Saturday, December 18, 2010


Editor's Note: The following report is excerpted from Joseph Farah's G2 Bulletin, the premium online newsletter published by the founder of WND.

Barack Obama and Dmitry Medvedev

Concern is mounting among experts in the arena of international treaties that the Obama administration is forcing U.S. senators to ram through a new strategic arms reduction document with the Russians without fully understanding the implications or its provisions – described by critics as unverifiable, according to a report from Joseph Farah's G2 Bulletin.

"(President Barack Obama's) demand that senators approve this defective accord during the few days remaining in the lame-duck session amounts to contempt of Congress," said Frank Gaffney who is president of the Center for Security Policy. "It must not be tolerated, let alone rewarded."

Critics say the treaty could "restrict" the nation's ability to defend itself, and suggest that there may be provisions Obama doesn't want members of the Senate to analyze, and possibly oppose.

Gaffney, a former acting assistant secretary of defense for international security policy, is versed in START treaties; he was involved in arms reduction negotiations during the Reagan administration.

He claims that senators have not had time to review the extensive negotiating record which reflected Russian opposition to U.S. positions while the administration decided to push for its approval anyway.

He and other critics claim that the treaty sets up a Bilateral Consultative Commission that will affect the treaty's terms materially – and make those changes without giving the Senate its constitutionally outlined advise and consent process.

The Senate requires a two-thirds vote, or approval by 67 members, before it is ratified.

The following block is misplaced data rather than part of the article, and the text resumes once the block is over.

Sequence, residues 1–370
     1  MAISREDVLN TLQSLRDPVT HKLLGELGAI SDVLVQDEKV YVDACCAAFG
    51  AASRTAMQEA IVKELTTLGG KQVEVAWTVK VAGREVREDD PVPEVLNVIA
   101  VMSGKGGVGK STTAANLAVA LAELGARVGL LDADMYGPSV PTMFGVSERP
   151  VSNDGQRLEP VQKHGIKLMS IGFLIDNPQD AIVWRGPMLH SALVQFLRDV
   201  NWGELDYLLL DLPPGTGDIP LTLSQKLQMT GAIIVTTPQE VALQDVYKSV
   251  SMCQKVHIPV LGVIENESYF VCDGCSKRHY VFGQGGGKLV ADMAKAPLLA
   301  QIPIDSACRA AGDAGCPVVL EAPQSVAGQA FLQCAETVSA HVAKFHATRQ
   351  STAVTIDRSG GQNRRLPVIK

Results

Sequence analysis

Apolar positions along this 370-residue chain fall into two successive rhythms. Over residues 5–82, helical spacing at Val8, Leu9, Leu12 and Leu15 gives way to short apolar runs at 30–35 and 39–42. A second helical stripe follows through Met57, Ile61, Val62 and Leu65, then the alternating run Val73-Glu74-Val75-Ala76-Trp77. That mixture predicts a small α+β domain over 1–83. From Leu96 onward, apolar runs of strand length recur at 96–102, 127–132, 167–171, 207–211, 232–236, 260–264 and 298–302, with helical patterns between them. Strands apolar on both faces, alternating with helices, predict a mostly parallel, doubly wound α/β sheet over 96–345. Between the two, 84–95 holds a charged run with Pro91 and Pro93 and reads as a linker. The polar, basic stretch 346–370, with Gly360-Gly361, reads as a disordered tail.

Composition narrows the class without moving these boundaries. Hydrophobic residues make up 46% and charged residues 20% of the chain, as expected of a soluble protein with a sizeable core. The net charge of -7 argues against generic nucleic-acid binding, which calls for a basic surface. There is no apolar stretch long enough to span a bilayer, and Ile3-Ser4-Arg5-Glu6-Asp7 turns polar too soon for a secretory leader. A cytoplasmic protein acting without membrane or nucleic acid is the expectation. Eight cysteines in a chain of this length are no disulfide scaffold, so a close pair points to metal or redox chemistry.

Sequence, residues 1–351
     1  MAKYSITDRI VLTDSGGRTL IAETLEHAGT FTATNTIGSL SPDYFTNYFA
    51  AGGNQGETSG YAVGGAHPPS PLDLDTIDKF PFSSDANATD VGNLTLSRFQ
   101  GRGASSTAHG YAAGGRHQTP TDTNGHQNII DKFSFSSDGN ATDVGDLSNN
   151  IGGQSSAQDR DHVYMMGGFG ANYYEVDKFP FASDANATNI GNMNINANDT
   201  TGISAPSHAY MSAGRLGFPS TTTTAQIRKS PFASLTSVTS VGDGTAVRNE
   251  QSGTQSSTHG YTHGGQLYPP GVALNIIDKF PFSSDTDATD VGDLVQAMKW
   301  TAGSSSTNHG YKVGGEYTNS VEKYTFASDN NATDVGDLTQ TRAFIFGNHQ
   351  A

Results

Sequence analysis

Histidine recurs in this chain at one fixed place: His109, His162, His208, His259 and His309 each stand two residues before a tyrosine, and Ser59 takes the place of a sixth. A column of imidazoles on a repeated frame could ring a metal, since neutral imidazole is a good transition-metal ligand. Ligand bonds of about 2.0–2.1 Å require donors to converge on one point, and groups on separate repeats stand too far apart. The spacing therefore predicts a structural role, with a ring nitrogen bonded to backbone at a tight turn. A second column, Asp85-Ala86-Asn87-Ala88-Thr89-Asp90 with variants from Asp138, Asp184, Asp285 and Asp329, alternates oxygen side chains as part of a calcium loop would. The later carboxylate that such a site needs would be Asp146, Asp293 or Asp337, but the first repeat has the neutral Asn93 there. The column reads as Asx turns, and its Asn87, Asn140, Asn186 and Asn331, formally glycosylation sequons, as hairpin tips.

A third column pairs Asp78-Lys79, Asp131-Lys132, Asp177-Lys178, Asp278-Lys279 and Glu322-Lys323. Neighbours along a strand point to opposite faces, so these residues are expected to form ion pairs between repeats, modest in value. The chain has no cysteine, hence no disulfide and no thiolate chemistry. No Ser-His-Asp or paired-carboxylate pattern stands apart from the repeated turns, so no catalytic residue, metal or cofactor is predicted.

Now, the Senate leadership has announced that it will hold a weekend session in an effort to ratify the treaty.

But critics are alarmed the treaty draft establishes a relationship between missile offense and missile defense, and as the U.S. shrinks its inventory of strategic nuclear weapons, it presents less latitude to beef up U.S. defenses against potential missile attacks not just from the Russians but other countries as well.

Critics are concerned that limitations in this treaty will preclude bolstering missile defenses against such countries as North Korea and Iran which are developing their own intercontinental ballistic missiles that soon could reach the U.S.

The net effect of any changes that could occur without U.S. approval would restrict U.S. missile defenses and make other reductions in U.S. nuclear deterrent forces, Gaffney said.

Other former leaders from the U.S. Senate and House of Representatives, along with top nuclear weapons and arms control experts, oppose the new START.

In a Dec. 13 letter to U.S. Senate Majority Leader Harry Reid and Minority Leader Mitch McConnell, they raised objections to consideration of START, especially in a lame-duck session, given all of the issues that still persist with the treaty draft.

"It is our considered professional judgment that this treaty and the larger disarmament agenda which ratification would endorse are not consistent with the national security interests of the United States, and that both should be rejected by the Senate," they wrote.